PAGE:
Written by James Tynion IV
Art by Doug Mahnke, Jaime Mendoza, Wil Quintana and Tom Napolitano
Edited by Andrew Marino, Rebecca Taylor, and Marie Javins
Published by DC Comics
Release Date: August 1, 2018

The villains are all right inside Tynion’s first issue for Justice League, er…the Legion of Doom.

Every few issues of Justice League will star opposite, the Legion of Doom and in their opener, it’s all about Lex going on his own path to infamy and how the current events of Justice League have been orchestrated at every turn. Tynion keeps up the tempo that Snyder has set up with “The Totality” thus far with the grand scope of the DC Universe getting swept in the current of Lex Luthor’s machinations. Locations all over the world and beyond are being affected and Mahnke’s pencils are suited for the gritty and grimy of the DC Universe that takes notice of the changes per the continued narration that highlights just how huge Lex is playing for keeps this time around.

The Legion of Doom getting their own opening chapter acts similar to Justice League #1 with another look into the Headquarters in all of its glory. Mahnke, Mendoza, and Quintana are a well oiled art team with each person adding to the page. Mahnke’s pencils layout the location in full with Tynion describing each spot having more horror and acting as an inverse of the shiny and open Hall of Justice. Quintana’s colors remain tightly in the world of evil so the shadiness and inking from Mendoza follow suit with Quintana and the colors that are fitting for the DC Universe and the evilness of the issue. There’s an off-kilter, roughness to Mahnke’s pencils across the board as we travel from the Source Wall and back following Lex. He puts a lot of action and business into the pages as the recruiting begins on Luthor’s part.

Lex and Sinestro meet at the edge of the universe where Tynion makes another case for Luthor to be the best villain of the year. He’s calculating, witty, and analyzes his fellow cohorts with ease as he breaks down the situation to them and sales them on exactly what they want to help him in his own grand scheme. Mendoza’s inking is emboldened with upfront looks on characters, the inking takes a backseat for the larger and more splashy panels in favor of Quintana’s colors to grab you with their subtle show of fireworks and the way they bring the pages together on a panel by panel basis. Tynion plays with some of the setups that Snyder has teased when it comes to Luthor’s journey that he sets out on for the issue. Luthor’s crisis sets him on a path of discovery and realization with some surprising developments in store for his character that give him the push he needs to create his now present Legion of Doom.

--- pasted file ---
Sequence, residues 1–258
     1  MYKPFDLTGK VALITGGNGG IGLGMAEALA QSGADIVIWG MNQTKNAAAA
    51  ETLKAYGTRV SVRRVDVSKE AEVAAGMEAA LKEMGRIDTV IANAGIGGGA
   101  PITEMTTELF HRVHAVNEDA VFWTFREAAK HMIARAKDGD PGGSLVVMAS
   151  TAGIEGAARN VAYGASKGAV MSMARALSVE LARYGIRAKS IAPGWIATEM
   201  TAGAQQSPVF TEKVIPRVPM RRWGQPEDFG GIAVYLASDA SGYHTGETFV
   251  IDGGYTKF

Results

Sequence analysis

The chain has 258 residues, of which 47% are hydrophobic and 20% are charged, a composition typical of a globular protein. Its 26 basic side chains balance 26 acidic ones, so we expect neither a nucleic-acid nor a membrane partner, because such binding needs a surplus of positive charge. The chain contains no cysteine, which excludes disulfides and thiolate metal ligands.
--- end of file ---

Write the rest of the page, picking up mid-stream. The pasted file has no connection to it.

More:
There’s a sense of savagery to Mahnke as the next recruitment is Grodd’s turn and the scene is in line with the character and showcases just how brutal he can be. It’s a messy, page filled affair as Grodd boldly laments, as to why humanity is beneath him and Lex quickly sells his pitch to the telepathic villain with Napolitano lettering differentiating Lex and Grodd as they speak with Grodd coming across angrier and naturally more beast like. Tynion rounds out the issue with the continued narration that confidently builds up Lex’s creed of Doom and how it challenges our understanding of his motivations and what he’s willing to do in order to get it.

The Legion of Doom little by little gets a piece of their history explained with this Part One in the Justice League saga as it sets up three of the member’s histories and motivations as we’ve seen in the previous issues and serves its purposes to give the villains of the DC Universe a reason for legitimacy in their claim for Doom. Justice League #5 isn’t the greatest break in the main plot due to Lex’s motivations and filling out ground as to why some of the villains have joined the Legion of Doom, the art from Mahnke and inking from Mendoza isn’t the best as some pages are more detailed and refined than others but it’s still a serviceable issue of villainy that adds to the story but drags it’s feet as things reach the conclusion.

The Verdict: 7.5/10


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